Opinion | 3 February 2015

Ready for work but is work ready for me?

Fresh from participating in the Special Olympics Torch Run through Melbourne, Pippa Swanwick is gleeful about being interviewed on the Channel 7 news about her role in the Special Olympics Opening Ceremony.

Pippa is attracted to performing and Glee is one of her favourite shows. She loves to sing as you can see here in this YouTube clip of her song Here all along.

Four years ago, Pippa participated in the Ignition Theatre Performing Arts Course at the Northern Metropolitan Institute of TAFE. Since then, she has made a video about being bullied at school and the loneliness she still experiences through not feeling accepted in many social settings.

As well as writing songs and making videos, Pippa helps out at home – particularly with caring for pets – participates in the art studio at Northern Support Services, and goes to her current part-time supermarket job.

Like other jobs she has had in the past, the work is well within her capability but it doesn’t meet her aspirations for social inclusion.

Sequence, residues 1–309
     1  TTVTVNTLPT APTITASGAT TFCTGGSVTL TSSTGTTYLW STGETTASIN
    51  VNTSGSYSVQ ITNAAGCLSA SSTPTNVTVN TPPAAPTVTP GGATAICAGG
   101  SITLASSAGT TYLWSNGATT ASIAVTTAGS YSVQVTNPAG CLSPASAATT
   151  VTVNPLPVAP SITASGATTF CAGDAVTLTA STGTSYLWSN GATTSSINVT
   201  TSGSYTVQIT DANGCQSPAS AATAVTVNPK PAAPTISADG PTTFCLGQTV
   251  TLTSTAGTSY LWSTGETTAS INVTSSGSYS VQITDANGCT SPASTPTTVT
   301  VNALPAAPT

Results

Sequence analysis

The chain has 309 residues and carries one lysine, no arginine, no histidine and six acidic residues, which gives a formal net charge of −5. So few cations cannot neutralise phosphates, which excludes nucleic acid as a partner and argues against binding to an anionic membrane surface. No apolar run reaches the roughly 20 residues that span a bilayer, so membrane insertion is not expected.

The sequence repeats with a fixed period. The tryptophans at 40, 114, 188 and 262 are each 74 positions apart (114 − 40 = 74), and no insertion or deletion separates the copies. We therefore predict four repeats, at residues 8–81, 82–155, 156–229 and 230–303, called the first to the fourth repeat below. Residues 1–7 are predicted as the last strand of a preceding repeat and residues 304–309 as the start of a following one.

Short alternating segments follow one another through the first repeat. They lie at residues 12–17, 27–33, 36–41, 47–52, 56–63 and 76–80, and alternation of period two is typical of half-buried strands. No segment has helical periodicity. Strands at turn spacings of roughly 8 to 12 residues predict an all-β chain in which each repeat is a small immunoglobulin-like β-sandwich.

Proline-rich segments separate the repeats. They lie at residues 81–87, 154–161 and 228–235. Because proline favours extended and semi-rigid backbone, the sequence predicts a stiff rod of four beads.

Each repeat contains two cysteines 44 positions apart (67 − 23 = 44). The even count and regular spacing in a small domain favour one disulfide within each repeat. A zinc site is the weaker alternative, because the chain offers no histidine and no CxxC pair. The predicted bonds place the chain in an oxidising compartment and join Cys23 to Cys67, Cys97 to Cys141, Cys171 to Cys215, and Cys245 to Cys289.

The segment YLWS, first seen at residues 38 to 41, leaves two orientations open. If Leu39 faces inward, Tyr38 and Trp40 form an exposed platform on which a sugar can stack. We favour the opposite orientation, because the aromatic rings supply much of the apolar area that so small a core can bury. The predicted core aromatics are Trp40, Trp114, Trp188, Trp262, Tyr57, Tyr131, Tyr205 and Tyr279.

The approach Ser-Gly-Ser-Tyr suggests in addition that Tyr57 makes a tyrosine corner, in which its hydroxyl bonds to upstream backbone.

Social acceptance is related to the role a person is given in the workplace. Why, with all her performance skills and ability with words, has Pippa not been welcomed into a ‘front of house’ job? So far her paid work has been out the back – in fast food kitchens or shelf stacking – never in customer service. This is a common experience of people with disability, regardless of their many abilities.

She is still searching for somewhere she will feel accepted, when people will see through her disability not judge her by it.

“What hurts the most,” Pippa says, “is that the other staff don’t include me in their conversations and social activities. I’d like a job where I had real workmates.”

What can she do about her disappointment with her job placement?

Like most people, she would like to have a job where she has a respected role and social contact. Her dream job would be to be part of the ensemble at Back to Back Theatre. The theatre is based in Geelong in the Barwon launch site for the rollout of the National Disability Insurance Scheme (NDIS).

The position she is seeking will be hotly contested by other talented people with disabilities hungry for social acceptance and friendship in their work.

Pippa has skills, a sense of humour, lots of personality and experience. Until she gets a role where she can shine, it seems people won’t see past her Down Syndrome.

That’s their loss, too.

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